This is a report on the two-day academic conference that was co-sponsored by AUB’s Issam Fares Institute for Public Policy and International Affairs, and Princeton University’s Mamdouha S. Bobst Center for Peace and Justice, in addition to the Princeton Institute for International and Regional Studies Workshop on Arab Political Development with the collaboration of the Project on Middle East Political Science, and the Woodrow Wilson School for Public and International Affairs
In recent years, tribes in Syria and Iraq have had to cope with severe changes and regional challenges, among them the rise and expansion of jihadist movements. In that light, the discussion about the transformation of tribes has become increasingly relevant. From here, a series of questions arises: What are the similarities and differences between today’s tribes and those of the past? What remains of tribal Asabiyyah and its sovereignty over land and inhabitants? How did this affect the relationship of tribes to external structures, namely the state, local authorities and even globalized forces?
Before 2011, the Syrian diaspora worldwide was estimated at 18 million people who migrated over more than a century and have mostly contributed actively to their host communities. This old diaspora has now increased with the wave of Syrian refugees who fled - and continue to flee - Syria because of the ongoing conflict. Over the past seven years, seven million Syrians - not all registered refugees – have fled the country out of a total population of 24 million before the conflict
The Syrian crisis is a complex environment for aid agencies wishing to move funds for humanitarian purposes into the country, or through neighbouring states supporting regional humanitarian efforts. The combination of counter-terrorist financing legislation and international sanctions have made it very difficult for humanitarian organisations to move and access funds. The largest Syrian banks are under sanctions by the United States, the European Union and other states, and the banking system in areas outside of government control has largely been destroyed
Without a pre-defined security plan, no political authority is likely to control the countries living in fragmented security and political orders in the MENA region, says the Arab Reform Initiative in a new book, urging for the adoption of cooperative security as a way out of the conflicts of the region
On 29 June 2018, the Arab Reform Initiative (ARI) convened a group of 30 distinguished international speakers, senior representatives of international organizations, government officials, and leading scholars to explore emerging trends in the Arab world and discuss experiences in mediation and conflict resolution
ثمة "صراع ناعم" يدور بين روسيا وإيران على الأرض السورية، بدأ يتبلور حين قررت روسيا التدخل عسكرياً عام 2015 لجانب النظام السوري المتداعي. تقدم مبادرة الإصلاح العربي دراسة حصرية مكونة من جزءين حول طبيعة هذه العلاقة في مناطق سيطرة النظام، حول الألية التي تعتمدها القوات الروس للتأسيس لتواجد مستدام، من تثبيت لقواعدها العسكرية وهيكلة للجيش السوري بما يتناسب مع رؤيتها (الجزء الأول)، إلى تحييد تدريجي للدور الإيراني الذي يعتمد أصلاً على تفعيل دور الميليشيات (الجزء الثاني، ينشر لاحقاً(.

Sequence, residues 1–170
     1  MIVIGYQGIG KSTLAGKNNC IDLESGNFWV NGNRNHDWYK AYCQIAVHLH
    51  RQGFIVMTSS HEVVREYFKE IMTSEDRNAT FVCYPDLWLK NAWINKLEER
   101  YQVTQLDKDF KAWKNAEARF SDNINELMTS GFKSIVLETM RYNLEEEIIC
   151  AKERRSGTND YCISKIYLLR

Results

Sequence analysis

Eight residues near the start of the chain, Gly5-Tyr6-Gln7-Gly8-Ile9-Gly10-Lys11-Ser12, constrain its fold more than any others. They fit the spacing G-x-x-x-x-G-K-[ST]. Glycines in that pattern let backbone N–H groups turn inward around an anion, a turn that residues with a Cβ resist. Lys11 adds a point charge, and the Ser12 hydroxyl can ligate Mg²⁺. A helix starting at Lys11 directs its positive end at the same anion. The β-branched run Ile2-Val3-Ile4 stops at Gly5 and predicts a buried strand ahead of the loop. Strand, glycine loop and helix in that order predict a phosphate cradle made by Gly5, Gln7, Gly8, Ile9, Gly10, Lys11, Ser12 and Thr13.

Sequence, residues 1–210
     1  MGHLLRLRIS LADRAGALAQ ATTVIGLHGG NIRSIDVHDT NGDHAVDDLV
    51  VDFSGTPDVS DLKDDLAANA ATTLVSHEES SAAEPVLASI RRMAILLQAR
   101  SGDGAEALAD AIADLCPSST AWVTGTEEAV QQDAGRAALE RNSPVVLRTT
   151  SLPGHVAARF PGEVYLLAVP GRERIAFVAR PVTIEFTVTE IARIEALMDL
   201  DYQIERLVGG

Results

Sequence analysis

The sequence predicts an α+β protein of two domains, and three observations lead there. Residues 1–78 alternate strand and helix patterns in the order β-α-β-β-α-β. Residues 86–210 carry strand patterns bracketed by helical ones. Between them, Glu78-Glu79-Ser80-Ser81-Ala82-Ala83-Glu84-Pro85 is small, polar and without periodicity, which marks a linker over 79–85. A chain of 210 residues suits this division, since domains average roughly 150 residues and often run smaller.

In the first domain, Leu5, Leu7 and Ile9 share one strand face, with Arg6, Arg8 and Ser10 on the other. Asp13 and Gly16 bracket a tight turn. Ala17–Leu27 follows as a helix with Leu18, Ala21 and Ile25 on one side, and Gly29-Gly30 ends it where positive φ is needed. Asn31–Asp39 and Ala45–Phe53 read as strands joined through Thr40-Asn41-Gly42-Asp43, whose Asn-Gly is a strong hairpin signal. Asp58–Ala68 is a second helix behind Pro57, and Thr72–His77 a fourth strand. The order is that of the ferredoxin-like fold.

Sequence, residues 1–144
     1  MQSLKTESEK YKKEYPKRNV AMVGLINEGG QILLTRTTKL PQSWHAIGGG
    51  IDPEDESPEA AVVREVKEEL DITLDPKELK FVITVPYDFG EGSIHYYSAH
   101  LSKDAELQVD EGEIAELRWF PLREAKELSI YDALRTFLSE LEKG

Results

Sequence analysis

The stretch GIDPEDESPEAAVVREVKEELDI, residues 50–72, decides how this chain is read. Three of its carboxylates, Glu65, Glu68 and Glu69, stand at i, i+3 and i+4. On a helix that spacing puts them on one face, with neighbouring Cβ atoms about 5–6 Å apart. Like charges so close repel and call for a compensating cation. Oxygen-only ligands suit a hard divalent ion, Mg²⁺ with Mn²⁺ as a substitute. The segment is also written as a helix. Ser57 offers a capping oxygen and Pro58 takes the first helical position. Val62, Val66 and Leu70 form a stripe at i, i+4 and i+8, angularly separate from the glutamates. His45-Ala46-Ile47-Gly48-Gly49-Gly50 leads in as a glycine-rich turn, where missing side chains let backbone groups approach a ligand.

Throughout the twentieth century, religion acted as a primary source of political conflict in Syria. Since 2011, the importance of religious concerns has increased. The Assad regime has worked to simultaneously stir sectarian feelings and heighten fears among minorities. This has brought questions of the protection of minorities and religious freedoms to the forefront of post-war considerations. What can be done to neutralize religion as an element of political conflict in post-war Syria and what role can supra-constitutional principles play?
Iraq’s modern political experience has laid foundations based on sectarian and ethnic tensions. The quota system, as an agreement between opposing forces, has permitted the dominance of the majority in government institutions and ended up undermining the very principle of separation of powers. Political actors, bolstered by Iran’s increasing influence inside Iraq, have used the Constitution, the state of emergency and the anti-terrorism law to target Sunni communities and promote Iran’s religious and national security interests in Iraq. This discrimination was heightened with the arrival of the Islamic State, further contributing to a more sectarianized country, and crippled the functioning of Iraqi national institutions
The vast majority of voters in the long-awaited referendum of the Kurdistan Region of Iraq were in favour of independence. This position is a clear declaration of the growing difficulty of co-existence of Kurds with the Iraqi federal government. However, the aftermath of the referendum brought to the fore the ongoing rivalry between Erbil and Sulaymaniyah along the line of the symbolic borders of the civil war. It also gave Baghdad an opportunity to further meddle in internal Kurdish rifts